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And then we talked about our concussion experiences!

It’s a hard subject, I’ll be honest. Everyone in the anthology was a writer before their concussion. And we’re still writing, as evidenced by our participation in this book. But that doesn’t mean we’re writing exactly like we were writing before.

“Did the writing help you with the healing?”

I wasn’t asked this question, but reflected on it as I listened to others read their heart-wrenching, personal, insightful poems and stories.

Yes, writing and publishing this particular story (about the immediate aftermath of my first concussion) was healing. It was healing because I was very afraid of what had happened to me, I didn’t want it to affect my life, especially my writing life, my chosen career, and I was afraid of what it would mean to say these things out loud: that I wasn’t the same as before. So it was healing to my heart and my spirit to write about the experience and as importantly to share it publicly.

What helped you heal post-concussion?

I was asked this question, and my on-the-spot answer wasn’t great; here’s my do-over:

  • staying off screens
  • writing by hand
  • learning to draw
  • resting on “off” days, as much as possible
  • learning to be kinder to myself
  • coaching soccer, because it forced me to develop and practice new spatial skills (a good challenge for my brain)
  • turning toward different goals and ambitions
  • practicing meditation and yoga
  • accepting that some stuff comes our way that we can’t change only learn how to adapt to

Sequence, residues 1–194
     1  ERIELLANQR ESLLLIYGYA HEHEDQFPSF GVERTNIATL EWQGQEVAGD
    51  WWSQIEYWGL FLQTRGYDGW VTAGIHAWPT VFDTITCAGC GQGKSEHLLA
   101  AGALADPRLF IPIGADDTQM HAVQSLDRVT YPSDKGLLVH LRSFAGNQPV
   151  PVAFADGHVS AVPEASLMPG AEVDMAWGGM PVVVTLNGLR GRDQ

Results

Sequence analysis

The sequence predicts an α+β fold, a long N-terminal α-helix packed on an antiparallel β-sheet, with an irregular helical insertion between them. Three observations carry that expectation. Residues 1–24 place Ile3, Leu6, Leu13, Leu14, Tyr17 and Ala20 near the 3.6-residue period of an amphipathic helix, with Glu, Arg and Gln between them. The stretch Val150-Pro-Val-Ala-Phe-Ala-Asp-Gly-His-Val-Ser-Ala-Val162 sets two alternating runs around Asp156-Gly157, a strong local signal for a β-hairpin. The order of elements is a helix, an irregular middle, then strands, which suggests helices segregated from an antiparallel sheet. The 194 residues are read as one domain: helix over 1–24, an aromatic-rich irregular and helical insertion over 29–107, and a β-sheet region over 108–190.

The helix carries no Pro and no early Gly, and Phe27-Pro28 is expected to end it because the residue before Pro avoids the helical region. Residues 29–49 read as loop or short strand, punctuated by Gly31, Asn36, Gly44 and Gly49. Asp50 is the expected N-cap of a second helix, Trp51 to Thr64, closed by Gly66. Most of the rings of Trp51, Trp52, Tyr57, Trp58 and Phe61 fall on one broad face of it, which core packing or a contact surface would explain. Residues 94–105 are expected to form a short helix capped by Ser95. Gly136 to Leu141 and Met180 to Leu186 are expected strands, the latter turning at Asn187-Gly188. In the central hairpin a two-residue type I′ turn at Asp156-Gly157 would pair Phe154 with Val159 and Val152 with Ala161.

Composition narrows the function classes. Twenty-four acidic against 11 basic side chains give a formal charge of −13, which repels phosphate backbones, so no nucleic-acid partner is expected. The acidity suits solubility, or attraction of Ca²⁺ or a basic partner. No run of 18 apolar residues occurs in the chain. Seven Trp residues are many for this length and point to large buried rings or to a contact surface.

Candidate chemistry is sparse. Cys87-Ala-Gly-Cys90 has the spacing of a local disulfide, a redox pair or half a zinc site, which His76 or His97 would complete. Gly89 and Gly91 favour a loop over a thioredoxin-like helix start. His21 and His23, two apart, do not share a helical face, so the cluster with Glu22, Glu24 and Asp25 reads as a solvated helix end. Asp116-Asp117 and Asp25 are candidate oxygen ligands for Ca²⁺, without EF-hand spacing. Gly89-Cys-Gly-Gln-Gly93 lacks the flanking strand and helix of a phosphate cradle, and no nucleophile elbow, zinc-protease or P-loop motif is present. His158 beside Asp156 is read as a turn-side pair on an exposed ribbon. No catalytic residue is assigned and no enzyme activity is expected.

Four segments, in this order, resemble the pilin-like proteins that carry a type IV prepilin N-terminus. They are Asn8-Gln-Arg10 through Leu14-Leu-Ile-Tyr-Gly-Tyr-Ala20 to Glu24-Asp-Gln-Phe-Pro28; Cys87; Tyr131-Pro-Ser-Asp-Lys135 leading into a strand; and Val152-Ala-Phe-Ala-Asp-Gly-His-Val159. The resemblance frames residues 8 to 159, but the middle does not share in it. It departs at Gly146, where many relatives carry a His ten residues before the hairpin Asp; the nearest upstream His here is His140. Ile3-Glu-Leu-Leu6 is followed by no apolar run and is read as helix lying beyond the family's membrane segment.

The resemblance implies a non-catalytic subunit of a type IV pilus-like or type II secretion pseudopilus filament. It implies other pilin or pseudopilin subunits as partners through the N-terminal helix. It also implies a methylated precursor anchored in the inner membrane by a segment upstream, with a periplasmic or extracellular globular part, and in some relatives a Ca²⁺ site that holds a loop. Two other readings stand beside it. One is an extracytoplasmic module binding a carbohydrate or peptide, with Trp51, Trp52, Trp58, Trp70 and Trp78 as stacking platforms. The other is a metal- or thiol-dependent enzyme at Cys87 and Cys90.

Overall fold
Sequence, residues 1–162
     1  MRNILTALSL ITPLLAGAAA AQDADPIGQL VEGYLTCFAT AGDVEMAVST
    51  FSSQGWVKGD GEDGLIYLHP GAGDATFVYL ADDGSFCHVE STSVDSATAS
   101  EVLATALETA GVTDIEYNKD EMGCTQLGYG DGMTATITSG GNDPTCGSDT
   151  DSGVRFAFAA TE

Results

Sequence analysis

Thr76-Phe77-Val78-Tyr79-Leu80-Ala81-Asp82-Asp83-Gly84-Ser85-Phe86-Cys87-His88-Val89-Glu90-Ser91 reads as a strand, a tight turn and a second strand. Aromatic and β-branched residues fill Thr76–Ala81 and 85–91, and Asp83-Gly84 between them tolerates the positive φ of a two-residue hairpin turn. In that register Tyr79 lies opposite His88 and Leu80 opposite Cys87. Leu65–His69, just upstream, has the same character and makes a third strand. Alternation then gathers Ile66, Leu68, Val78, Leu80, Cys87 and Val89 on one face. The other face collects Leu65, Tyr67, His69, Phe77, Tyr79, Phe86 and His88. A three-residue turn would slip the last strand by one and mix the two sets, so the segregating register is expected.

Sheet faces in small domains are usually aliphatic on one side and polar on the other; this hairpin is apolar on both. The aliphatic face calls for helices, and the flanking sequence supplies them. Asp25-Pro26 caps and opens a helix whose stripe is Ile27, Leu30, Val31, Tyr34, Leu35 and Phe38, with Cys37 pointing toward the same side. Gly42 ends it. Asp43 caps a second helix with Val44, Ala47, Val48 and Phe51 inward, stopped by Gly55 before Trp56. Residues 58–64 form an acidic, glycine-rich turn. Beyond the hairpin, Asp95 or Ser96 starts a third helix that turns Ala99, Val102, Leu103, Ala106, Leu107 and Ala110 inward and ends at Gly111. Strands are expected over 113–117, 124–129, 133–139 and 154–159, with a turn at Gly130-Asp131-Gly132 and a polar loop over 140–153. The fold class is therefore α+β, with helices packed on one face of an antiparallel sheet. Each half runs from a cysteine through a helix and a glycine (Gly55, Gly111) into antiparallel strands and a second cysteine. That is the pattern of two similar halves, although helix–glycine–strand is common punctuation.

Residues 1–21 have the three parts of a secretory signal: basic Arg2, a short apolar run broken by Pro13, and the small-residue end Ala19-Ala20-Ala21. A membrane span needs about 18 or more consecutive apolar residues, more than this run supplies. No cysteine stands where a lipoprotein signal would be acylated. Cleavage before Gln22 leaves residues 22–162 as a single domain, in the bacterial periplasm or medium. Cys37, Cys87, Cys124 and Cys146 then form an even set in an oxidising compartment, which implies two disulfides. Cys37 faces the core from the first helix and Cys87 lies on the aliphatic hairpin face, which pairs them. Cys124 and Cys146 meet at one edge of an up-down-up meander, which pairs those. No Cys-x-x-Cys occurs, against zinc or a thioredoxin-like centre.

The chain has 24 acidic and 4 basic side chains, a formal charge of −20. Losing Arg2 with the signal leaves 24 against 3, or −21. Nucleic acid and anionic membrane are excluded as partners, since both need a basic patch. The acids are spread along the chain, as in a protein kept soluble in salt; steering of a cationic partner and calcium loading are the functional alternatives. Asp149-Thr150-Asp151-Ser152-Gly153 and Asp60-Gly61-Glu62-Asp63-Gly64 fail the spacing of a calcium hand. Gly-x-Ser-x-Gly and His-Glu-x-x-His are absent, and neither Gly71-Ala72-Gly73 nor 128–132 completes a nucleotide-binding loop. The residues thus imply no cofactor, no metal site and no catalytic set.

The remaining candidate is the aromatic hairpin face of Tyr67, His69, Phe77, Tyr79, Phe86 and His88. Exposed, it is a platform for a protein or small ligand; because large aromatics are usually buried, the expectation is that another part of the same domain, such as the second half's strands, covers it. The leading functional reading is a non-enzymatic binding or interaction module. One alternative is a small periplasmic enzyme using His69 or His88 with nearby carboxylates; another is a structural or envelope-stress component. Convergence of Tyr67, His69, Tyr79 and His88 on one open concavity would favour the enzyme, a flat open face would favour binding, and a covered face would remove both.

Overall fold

• enjoying the good days

Today I was tired (the event happened on Calgary time, so I was up past my bedtime).

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Luckily, Thursdays are my reading days, when I give myself permission to sink into the green couch and read with abandon and zero guilt* (*why would a writer feel guilty about reading? I don’t know, ask my subconscious). Today’s book was A Children’s Bible by Lydia Millet, which I recommend most highly. Apocalyptic and funny? How is this possible? It will also get you thinking about NOW. Because the failings of humanity depicted in this book feel close at hand (and my generation comes in for the harshest critique).

Thanks for tuning in. I hope you’re enjoying a good day, too.

xo, Carrie

 

“Thanks” brings me closer

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Today, this month, I turn and return to gratitude. I’ve been looking for poems about thanks and thanksgiving for a church service I’m helping to plan, and I’ve noticed the poems that draw me are tempered with grief, there are many colours woven into the fabric of the experience of thanks they describe. I’ll post one, by Jane Hirschfield, below.

Monday morning thank-you list:

1. Kasia’s yoga class this morning, and her invitation to greet the day by saying, “Good morning, I love you,” to ourselves. (Wow! That changes the wake-up script!)